I graduated from the University of Rhode Island with a Civil Engineering degree. I worked as a CVE for 5 years and decided to change careers and become a Secondary Ed. math teacher. I earned my teaching certificate from Providence College and taught for 5 years. I also have my masters degree in Guidance Counseling. I have been a math tutor for over 10 years and am very excited to join Varsity Tutors! I tutor students in Algebra I, II, Geometry, and Precalculus. Tutoring allows me to do what I love while simultaneously helping students become successful confident math students. My teaching/tutoring style is flexible and unique to each student. I encourage students to think for themselves rather than give them the answers. It is important that students learn how to approach different problems using prior knowledge. I encourage them to do that while also giving them the math support they need before frustration sets in. Tutoring has been an extremely positive experience for me and I look forward to continuing that with Varsity Tutors!
What is your teaching philosophy?
I believe in instilling a drive to motivate learners to succeed by getting them as involved in the work as possible. My style of teaching and tutoring is quite interactive, I ask a lot of questions and have students draw pictures, show work, provide explanations, and encourage them to ask questions as well. I set goals with my students in terms of grades, being more proactive, and HW, and I support and encourage them as they reach their goals.
What might you do in a typical first session with a student?
The first session with a student will involve a conversation about their past and present successes, failures, or obstacles they may have experienced or are currently experiencing related to math. I also try to build a personal connection with the student by asking them what their interests are. Once we get started with the math, I try to assess the student's' ability by having them do some problems at their level. Basically we get to know one another, laugh a bit, goal set, and assess math ability.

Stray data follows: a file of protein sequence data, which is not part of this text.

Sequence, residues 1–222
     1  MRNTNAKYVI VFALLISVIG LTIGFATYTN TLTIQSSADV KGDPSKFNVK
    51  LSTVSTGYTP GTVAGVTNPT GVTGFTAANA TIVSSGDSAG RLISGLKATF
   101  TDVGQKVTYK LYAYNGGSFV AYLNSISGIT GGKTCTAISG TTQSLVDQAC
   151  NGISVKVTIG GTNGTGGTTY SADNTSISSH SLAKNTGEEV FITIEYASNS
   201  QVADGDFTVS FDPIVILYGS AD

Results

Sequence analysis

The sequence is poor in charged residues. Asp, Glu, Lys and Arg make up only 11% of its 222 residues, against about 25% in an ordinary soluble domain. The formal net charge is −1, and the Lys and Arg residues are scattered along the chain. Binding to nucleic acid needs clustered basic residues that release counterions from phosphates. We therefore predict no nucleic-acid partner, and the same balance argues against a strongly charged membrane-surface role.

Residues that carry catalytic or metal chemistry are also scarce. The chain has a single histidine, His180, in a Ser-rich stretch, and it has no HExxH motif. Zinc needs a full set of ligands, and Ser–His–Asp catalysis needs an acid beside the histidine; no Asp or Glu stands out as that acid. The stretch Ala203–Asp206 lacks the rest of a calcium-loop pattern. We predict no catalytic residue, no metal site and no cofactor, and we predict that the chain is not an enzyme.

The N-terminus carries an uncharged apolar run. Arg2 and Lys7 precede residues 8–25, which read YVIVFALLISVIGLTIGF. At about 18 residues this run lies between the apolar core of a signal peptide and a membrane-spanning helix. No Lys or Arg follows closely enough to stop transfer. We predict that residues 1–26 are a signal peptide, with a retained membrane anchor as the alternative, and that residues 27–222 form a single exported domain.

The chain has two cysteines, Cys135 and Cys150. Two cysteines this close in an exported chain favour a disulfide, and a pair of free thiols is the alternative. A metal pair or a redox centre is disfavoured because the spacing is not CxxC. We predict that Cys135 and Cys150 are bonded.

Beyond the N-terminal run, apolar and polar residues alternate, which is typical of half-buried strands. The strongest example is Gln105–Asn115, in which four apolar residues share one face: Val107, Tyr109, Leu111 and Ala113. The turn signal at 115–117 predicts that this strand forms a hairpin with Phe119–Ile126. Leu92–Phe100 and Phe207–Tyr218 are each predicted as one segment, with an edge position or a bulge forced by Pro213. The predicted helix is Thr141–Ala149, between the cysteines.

How can you help a student become an independent learner?
I often help students become independent learners by showing them how to study math on their own. I show them how to use classroom material and notes to study for tests and quizzes. Independent learners also need to know how to dig into a homework assignment on their own. Look up answers if they don't know how to do a problem, show work and know how to explain the steps of a problem on their own. I also teach students to be proactive in their math class, ask questions when they are lost, and take responsibility for their success in the classroom.
How would you help a student stay motivated?
Students are motivated through confidence building, encouragement, and goal setting; these are all things I work on with my students.
If a student has difficulty learning a skill or concept, what would you do?
I try to show students different ways to approach a problem. For example, drawing pictures/diagrams, showing a physical object often help in geometry, and doing plenty of practice problems showing a particular skill.
How do you help students who are struggling with reading comprehension?
In math, word problems are often difficult for students. For someone struggling with reading comprehension, I would break down each sentence of the problem by writing down key works or important facts, organizing the data on paper and reviewing any words that the student may struggle with.
What strategies have you found to be most successful when you start to work with a student?
Breaking down information works very well. Understanding a formula, the steps of an algebra problem, and keywords in a word problem are all strategies for successful learning.